Mr. Roy Edgington, Councilman, City of Fernley, addressed the Board in regard to WNC’s Fernley campus. He related that the campus enrollment has doubled over the last year. He related that 75 percent of that campus budget is paid for by Lyon County. The City of Fernley is now the sixth largest community in the state. His constituents have all impressed upon him that jobs are important. However, the City of Fernley has everything it needs to promote jobs except for the continued access to education. Twenty-five percent of the working citizens of Fernley are employed in manufacturing companies. In conclusion, he stated that education is important to Fernley. He appreciated the position that the Board was in and hoped that they gave due consideration. 
 
Ms. Cindy Godfrey, WNC Alumni (1999), related that after graduating from WNC she has continued her education at UNR and is currently working on her Master’s degree. She stated that would not have been possible without WNC. She related that her daughter is also currently attending WNC. Ms. Godfrey felt that WNC needed to stay in Carson City.
 
Mr. Doug Barret, Adjunct Instructor, WNC, related that the without remote locations, students would not have the opportunity to take and pass core classes such as English 101. He emphasized the importance of an educated workforce for economic recovery in Nevada. He related that he had already heard reports of business declining to relocate here due to the lack of a sufficiently educated workforce. He felt that the proposed cuts to the education budget are almost a death spiral for the Nevada economy. He indicated that it has been said the key is to increase revenue, perhaps through closure of tax loopholes he would also support an increase in taxes. He felt that to balance the budget on the backs of education or the union is class warfare.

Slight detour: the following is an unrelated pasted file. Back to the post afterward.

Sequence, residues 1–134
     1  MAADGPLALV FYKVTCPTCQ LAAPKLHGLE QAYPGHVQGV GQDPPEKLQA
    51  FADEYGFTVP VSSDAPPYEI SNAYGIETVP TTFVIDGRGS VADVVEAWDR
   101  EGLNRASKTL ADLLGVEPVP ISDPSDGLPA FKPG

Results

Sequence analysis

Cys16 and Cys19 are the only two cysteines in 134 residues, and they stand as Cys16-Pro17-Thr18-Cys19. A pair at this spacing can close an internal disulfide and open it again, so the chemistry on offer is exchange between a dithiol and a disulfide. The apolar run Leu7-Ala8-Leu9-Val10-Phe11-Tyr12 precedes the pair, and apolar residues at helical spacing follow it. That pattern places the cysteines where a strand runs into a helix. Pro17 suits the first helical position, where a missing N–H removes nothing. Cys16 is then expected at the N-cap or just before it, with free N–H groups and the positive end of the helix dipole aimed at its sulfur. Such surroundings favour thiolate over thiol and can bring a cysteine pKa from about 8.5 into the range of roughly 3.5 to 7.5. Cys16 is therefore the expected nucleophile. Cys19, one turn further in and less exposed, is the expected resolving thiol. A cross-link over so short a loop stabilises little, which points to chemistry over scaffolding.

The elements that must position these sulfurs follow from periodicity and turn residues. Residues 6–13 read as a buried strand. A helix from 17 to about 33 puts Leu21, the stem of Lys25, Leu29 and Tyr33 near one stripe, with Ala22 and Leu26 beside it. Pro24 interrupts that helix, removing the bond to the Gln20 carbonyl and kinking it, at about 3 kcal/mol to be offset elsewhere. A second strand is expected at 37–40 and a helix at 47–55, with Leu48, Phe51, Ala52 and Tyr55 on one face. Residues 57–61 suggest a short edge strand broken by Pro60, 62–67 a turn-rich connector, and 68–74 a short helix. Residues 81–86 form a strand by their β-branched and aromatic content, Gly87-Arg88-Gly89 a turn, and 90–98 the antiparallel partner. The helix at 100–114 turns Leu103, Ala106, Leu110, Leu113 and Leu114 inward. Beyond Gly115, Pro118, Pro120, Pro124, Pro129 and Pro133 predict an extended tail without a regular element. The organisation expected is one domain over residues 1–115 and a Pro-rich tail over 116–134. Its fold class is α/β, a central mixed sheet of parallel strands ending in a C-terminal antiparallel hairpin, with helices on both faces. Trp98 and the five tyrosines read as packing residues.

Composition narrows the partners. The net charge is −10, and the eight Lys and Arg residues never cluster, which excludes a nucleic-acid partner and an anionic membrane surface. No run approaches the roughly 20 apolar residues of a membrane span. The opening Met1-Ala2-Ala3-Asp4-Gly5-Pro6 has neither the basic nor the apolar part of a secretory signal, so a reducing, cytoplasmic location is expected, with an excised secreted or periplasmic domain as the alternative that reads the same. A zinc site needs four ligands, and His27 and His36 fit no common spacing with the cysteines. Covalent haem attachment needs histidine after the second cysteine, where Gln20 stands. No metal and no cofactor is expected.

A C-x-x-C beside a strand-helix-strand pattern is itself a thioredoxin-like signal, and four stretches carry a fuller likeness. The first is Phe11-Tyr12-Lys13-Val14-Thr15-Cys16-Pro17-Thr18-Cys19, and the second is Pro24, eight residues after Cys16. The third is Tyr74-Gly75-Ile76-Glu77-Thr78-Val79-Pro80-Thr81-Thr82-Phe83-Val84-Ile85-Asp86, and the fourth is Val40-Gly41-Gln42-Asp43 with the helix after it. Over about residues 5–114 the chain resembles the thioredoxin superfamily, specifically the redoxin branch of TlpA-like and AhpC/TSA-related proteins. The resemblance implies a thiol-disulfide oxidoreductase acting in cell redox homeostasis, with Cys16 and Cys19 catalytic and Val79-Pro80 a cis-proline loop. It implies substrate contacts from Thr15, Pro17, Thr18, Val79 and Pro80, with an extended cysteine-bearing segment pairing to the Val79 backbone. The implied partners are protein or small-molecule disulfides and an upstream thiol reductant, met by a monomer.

5.         Information Only - Public Comment(Cont’d.):
Mr. Ted Pleggemeyer, Dean of the School of Sciences, TMCC, addressed the Board from the perspective of having been on the faculty in another state where there had been two mergers in ten years. He related that that through those mergers, faculty has to defend the existence of every program. Dr. Pleggemeyer related that TMCC is in the process of pursuing a number of grants to build a renewable energy program that could be an economic driver for the state of Nevada. However, through the potential mergerprocess, those grants may be lost. Also, as the Dean of the Health Sciences, Dr. Pleggemeyer stated that if merger becomes a factor, TMCC’s health sciences programs would have to be reaccredited due to major changes in the focus.
 
Mr. Shelby Phelps, ASWN Senator, WNC, related that as a first generation college student, he thought it was his duty to set the education standards for his family. He related that the first time he met President Lucey, she had introduced herself as Carol Lucey, not as WNC’s President. The administration made him understand when the administrators referred to him as “boss.” It is the students that determine their own education and their fate. He knew that on March 21st, all NSHE students would be well represented in Carson City, adding that it was a distinct fact that Nevada needs its students.